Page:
The Quarterly of the Texas State Historical Association, Volume 8, July 1904 - April, 1905 Page: 211
The following text was automatically extracted from the image on this page using optical character recognition software:
De Le6n's Expedition of 1689. 211
ravines. It was necessary in some places to clear away the timber
so as to pass through. The country was the most pleasant that
we had traversed; the river is not very full (caudoloso) and has a
good ford; its banks are covered with timber. Six buffaloes-the
first we had seen for a hundred leagues-were killed along the
way. We gave this river the name of Our Lady of Guadalupe,1
whom we had brought from Coahuila as our as our protectress,
and whom we had painted on our royal standard.2 6.
15. Friday, the 15th, the day dawned very rainy. None the less,
however, our whole party set out (salimos con el real) toward the
ford of the river, which was about a league away. We crossed the
river, but as the water prevented our forward movement, we halted
on a little creek. We travelled that day not more than two
leagues.3 As the guide said that we were near the settlement, a
council of war was held, at which it was decided that the next
day a reconnaissance should be made with sixty soldiers, while the
camp should stay in another place at some distance away, with
a sufficient guard.4 2.
16. Saturday, the 16th, after a mass to our lady of Guadalupe
'The Guadalupe is not so incorrectly drawn on the Map as the San
Antonio, especially in relation to the French settlement.
'The Letter sums up the account of the journey from the Rio Grande to
the Guadalupe in a single sentence: "We travelled on towards the north-
east and at times east-northeast, till we reached the river of Our Lady of
'The Map adds that the line of march ran eastward.
'Father Manzanet says that the Indian guide said the settlement was
fifteen leagues from the river. As to to the council of war, he says that
De Le6n asked his advice about what should be done to ascertain the num-
ber of Frenchmen in the village and the condition of things there; that
his advice was that a mass should be sung where they were to the Blessed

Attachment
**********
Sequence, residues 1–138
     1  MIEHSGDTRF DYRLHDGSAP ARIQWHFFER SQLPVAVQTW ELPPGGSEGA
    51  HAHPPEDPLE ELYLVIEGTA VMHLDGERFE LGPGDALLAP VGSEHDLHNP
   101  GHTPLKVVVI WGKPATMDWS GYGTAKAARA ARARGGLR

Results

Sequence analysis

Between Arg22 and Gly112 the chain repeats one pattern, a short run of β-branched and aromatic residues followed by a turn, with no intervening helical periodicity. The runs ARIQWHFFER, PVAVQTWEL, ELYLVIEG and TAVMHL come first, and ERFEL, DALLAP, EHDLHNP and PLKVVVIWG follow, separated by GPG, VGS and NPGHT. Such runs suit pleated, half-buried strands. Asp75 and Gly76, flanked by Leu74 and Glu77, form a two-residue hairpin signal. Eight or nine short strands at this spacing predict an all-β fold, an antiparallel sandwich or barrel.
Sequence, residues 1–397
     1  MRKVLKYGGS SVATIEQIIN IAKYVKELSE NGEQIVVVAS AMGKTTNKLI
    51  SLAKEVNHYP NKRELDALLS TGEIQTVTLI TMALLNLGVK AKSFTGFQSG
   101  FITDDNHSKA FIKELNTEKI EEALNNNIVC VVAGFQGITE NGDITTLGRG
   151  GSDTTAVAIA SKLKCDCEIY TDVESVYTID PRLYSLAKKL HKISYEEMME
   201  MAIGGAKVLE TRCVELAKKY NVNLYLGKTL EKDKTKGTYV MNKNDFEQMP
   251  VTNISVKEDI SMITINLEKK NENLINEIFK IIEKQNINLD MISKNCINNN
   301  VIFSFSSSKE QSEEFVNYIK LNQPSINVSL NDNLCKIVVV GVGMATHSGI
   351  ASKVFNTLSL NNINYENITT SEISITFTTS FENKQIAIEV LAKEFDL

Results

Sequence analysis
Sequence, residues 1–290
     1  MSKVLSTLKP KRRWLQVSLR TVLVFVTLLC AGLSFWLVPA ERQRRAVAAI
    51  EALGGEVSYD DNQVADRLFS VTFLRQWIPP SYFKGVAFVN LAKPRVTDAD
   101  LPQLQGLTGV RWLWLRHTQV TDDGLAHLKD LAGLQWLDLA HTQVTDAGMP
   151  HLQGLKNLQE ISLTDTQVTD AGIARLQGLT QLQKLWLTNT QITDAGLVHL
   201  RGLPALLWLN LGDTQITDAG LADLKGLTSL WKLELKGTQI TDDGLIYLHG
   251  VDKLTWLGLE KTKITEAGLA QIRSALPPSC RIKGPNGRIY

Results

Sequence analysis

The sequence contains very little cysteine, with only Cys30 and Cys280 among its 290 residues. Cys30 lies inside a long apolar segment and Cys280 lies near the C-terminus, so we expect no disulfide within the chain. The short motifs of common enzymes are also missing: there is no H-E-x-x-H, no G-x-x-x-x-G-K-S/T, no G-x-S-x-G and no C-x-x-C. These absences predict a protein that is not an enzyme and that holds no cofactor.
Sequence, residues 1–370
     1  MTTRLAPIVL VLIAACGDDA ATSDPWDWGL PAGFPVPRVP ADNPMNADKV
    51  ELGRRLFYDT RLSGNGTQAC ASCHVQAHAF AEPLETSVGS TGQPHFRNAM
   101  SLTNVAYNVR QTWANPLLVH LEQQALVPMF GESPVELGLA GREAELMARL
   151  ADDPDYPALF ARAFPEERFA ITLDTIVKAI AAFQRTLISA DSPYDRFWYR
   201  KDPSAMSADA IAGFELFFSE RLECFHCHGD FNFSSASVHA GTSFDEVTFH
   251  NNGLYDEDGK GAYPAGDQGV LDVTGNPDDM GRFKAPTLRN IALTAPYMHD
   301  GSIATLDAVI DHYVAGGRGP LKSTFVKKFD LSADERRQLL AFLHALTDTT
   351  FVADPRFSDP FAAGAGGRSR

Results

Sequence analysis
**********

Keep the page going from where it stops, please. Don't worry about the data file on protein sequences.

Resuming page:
Virgin of Guadalupe, and that after they reached the settlement another
should be sung to St. Anthony of Padua. All readily agreed. After the
mass to the Virgin had been chanted, about nine o'clock that morning, the
council continued reaching the agreement that the Indians should be re,
tained as guides, and that "twenty-five men should travel on with us until
we should come upon the French village in the early morning, while the re-
maining soldiers with the beasts of burden should come behind us and
camp when they reached a suitable spot." They were not to move from
their camping place without De Le6n's express order; if they saw any
Indians, they should seize them and notify De Le6n of the capture.
Here’s what’s next.
This issue can be searched. Note: Results may vary based on the legibility of text within the document.
Tools / Downloads
Get a copy of this page or view the extracted text.
Citing and Sharing
Basic information for referencing this web page. We also provide extended guidance on usage rights, references, copying or embedding.
Reference the current page of this Periodical.
Texas State Historical Association. The Quarterly of the Texas State Historical Association, Volume 8, July 1904 - April, 1905, periodical, 1905; Austin, Texas. (texashistory.unt.edu/ark:/67531/metapth101033/m1/218/: accessed October 21, 2017), University of North Texas Libraries, The Portal to Texas History, texashistory.unt.edu; crediting Texas State Historical Association.